Some songs are timeless and some are just as important today. "Eve of Destruction" sounds Dylanesque to the core, but where this song differs is it's not as all "self important" as Dylan is, rather the "Eve of Destruction" song is honest ... "world importance". I can imagine every Dylan fan wants to grab their AK47's in disgust of such a comment, but then that is the contradiction between the two artists. Another interesting aspect about this song is that even though it's about the Vietnam War it does not have that sensation of Hippynism, as one would imagine flowers and Tie-Dye exploding. This song is rockier, edgier, almost a "Lennon" like chant as "Give Peace a Chance". If desired, this song would need only a few tweaks and guitar modulations and it would be a number 1 hit in 2007, just in time for the (sponsered by)"i-Pod War aka Iraq Police Action" or even the "Iran WW III Conflict"
The eastern world, it is exploding
Violence flarin’, bullets loadin’
You’re old enough to kill, but not for votin’
You don’t believe in war, but what’s that gun you’re totin’
And even the Jordan River has bodies floatin’
Yeah, my blood’s so mad feels like coagulatin’
I’m sitting here just contemplatin’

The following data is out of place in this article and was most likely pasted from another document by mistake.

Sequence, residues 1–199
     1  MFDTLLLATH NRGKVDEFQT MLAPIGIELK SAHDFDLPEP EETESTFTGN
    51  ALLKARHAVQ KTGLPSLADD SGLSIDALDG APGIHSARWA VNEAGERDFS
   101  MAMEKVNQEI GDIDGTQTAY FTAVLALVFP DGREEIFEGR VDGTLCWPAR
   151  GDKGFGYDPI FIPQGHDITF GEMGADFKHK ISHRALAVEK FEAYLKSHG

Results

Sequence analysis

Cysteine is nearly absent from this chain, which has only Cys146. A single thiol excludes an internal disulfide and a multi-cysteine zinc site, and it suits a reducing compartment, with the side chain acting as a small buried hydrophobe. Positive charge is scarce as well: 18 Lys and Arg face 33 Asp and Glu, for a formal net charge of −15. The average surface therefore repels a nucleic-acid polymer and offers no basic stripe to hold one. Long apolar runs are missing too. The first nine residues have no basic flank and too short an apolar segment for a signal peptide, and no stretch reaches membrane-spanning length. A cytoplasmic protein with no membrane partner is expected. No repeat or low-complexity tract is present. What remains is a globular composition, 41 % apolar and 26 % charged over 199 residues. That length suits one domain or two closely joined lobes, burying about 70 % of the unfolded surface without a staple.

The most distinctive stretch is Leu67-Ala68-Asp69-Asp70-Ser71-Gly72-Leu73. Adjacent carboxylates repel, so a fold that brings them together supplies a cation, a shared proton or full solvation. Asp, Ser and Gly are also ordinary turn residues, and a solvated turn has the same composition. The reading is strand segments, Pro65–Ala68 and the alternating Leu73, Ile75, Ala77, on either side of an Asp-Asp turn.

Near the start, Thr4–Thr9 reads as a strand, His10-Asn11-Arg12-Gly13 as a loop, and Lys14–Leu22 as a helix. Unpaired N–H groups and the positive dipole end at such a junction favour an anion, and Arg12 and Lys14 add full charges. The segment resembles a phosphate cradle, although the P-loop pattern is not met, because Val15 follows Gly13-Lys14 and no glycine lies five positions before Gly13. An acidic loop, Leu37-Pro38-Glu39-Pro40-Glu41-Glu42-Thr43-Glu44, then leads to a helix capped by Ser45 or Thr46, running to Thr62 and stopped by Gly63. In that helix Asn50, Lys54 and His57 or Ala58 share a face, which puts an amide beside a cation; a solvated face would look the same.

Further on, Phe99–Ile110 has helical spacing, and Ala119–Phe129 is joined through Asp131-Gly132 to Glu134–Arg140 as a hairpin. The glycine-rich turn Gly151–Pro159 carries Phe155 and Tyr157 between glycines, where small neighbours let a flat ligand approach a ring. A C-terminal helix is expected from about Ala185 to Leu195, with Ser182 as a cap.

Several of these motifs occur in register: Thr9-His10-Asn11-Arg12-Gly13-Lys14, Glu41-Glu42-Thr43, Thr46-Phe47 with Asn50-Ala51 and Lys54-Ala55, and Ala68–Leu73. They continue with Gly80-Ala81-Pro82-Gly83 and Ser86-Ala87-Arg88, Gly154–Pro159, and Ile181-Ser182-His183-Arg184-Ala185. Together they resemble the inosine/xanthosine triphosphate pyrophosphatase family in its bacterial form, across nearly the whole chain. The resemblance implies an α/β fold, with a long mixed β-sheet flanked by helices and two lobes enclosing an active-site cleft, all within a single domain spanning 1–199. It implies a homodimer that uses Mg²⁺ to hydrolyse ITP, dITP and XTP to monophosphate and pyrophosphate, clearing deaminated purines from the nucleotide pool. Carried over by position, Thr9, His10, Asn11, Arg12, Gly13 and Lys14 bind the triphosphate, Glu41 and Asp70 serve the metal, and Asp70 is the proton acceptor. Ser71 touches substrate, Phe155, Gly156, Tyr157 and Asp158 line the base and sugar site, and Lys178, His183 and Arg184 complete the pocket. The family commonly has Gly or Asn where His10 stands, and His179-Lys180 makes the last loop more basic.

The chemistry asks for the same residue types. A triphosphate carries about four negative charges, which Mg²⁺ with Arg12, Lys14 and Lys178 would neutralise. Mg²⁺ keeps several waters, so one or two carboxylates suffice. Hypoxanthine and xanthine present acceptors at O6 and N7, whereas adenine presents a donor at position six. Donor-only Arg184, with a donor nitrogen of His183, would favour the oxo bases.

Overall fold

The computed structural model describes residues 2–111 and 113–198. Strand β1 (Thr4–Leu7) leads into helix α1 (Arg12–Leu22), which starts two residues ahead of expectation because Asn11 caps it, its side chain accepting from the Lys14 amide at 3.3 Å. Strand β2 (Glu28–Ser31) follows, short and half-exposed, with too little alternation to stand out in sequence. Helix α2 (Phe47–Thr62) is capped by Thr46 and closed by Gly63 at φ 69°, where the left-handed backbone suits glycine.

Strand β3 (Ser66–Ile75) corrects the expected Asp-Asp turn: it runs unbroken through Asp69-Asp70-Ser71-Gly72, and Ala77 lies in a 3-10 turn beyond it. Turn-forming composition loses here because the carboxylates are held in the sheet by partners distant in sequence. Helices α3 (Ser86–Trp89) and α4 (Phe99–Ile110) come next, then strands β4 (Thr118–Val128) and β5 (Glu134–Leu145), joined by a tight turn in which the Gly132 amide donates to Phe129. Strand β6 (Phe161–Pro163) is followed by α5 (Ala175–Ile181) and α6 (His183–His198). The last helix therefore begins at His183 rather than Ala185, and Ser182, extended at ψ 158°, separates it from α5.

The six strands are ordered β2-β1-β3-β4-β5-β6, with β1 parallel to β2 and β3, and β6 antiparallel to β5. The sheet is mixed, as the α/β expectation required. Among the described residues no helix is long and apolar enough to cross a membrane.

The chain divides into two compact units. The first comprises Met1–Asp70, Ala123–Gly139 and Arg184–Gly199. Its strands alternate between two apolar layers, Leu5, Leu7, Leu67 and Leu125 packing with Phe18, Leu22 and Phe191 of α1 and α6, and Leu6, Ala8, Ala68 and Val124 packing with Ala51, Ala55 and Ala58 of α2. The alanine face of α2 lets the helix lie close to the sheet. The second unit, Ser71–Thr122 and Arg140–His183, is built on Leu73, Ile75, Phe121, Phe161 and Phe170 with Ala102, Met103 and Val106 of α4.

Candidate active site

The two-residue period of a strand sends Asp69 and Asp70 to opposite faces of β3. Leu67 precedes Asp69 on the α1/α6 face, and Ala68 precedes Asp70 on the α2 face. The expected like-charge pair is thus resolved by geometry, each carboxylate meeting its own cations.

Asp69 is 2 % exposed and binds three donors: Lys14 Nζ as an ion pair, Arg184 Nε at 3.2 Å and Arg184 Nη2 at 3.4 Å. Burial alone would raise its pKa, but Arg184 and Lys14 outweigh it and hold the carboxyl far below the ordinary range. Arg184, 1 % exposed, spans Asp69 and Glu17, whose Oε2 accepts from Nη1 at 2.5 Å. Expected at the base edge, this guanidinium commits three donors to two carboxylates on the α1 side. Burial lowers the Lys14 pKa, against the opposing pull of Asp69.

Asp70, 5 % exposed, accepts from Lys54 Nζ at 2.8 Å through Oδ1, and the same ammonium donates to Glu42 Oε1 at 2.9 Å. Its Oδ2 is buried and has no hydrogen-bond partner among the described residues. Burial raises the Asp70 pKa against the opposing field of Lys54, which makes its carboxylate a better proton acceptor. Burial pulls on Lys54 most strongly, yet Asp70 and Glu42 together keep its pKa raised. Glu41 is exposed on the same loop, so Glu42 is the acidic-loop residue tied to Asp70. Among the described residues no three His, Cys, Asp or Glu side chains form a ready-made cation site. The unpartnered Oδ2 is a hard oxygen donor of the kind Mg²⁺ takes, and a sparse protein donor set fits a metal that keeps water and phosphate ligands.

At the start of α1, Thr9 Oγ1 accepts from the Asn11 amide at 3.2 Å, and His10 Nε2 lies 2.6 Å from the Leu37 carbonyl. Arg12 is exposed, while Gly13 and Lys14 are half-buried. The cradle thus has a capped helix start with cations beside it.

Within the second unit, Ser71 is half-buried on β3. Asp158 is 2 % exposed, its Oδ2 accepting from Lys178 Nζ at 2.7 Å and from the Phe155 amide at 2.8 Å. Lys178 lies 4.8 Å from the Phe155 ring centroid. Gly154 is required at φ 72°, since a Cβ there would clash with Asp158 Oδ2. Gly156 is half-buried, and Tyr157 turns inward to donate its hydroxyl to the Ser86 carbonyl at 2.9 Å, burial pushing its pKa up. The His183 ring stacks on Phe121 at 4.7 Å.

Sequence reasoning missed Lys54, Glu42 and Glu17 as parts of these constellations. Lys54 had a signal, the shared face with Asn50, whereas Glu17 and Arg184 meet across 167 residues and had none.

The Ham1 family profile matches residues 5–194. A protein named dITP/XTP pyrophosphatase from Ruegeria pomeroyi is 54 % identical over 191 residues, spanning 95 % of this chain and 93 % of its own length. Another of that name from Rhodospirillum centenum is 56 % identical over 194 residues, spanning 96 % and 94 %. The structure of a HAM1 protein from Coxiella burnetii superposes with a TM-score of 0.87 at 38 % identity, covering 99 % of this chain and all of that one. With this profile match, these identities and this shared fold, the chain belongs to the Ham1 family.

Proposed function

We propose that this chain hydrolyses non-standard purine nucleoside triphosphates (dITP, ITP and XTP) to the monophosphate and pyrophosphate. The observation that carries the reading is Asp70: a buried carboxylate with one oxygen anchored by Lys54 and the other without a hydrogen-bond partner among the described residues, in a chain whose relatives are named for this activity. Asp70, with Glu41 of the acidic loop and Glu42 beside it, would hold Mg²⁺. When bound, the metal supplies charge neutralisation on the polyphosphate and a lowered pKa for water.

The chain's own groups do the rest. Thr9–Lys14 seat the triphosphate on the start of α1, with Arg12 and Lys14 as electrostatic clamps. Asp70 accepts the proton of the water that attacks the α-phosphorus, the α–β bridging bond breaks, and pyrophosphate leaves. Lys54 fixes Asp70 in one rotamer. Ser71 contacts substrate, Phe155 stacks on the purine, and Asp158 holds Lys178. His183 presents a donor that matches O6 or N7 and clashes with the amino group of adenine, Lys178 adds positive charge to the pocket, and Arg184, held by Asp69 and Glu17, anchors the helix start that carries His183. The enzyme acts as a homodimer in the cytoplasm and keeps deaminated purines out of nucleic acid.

I can’t twist the truth, it knows no regulation.
Handful of senators don’t pass legislation
And marches alone can’t bring integration
When human respect is disintegratin’
This whole crazy world is just too frustratin’
A real lost artifact, Barry McGuire's second album actually has quite a bit of historical significance. After his mega-hit "Eve of Destruction," McGuire was set to do a follow-up album, complete with some excellent P.F. Sloan songs. During the early sessions, the Mamas & the Papas had just come into town. Being old friends of McGuire's from the folkie days (Barry was the lead voice on "Green, Green," by the New Christy Minstrels), he invited the group to audition for producer Lou Adler. The rest is history, and this record is essentially the Mamas audition, as they sing backgrounds on virtually all of the record. It's magnificent, too. Current hits such as "Do You Believe In Magic," "Yesterday," and others work perfectly with McGuire's gravely lead voice and the Mamas & Papas sweet harmonies. McGuire even cut "California Dreamin'," and it's the exact same track as the famous Mamas version, sans Doherty's lead vocal and Bud Shank's flute solo. If you're looking to find the real roots of the Mamas & the Papas, here it is. Unfortunately, Dunhill apparently wanted little to do with Barry McGuire after the backlash of "Eve of Destruction," and his career and this record presided in ignominy. Too bad, because there is a lot of excellent music here. ~ [Matthew Greenwald, All Music Guide]
And you tell me
Over and over and over again, my friend
Ah, you don’t believe
We’re on the eve of destruction
Think of all the hate there is in Red China
Then take a look around to Selma, Alabama
You may leave here for 4 days in space
But when you return, it’s the same old place
The poundin’ of the drums, the pride and disgrace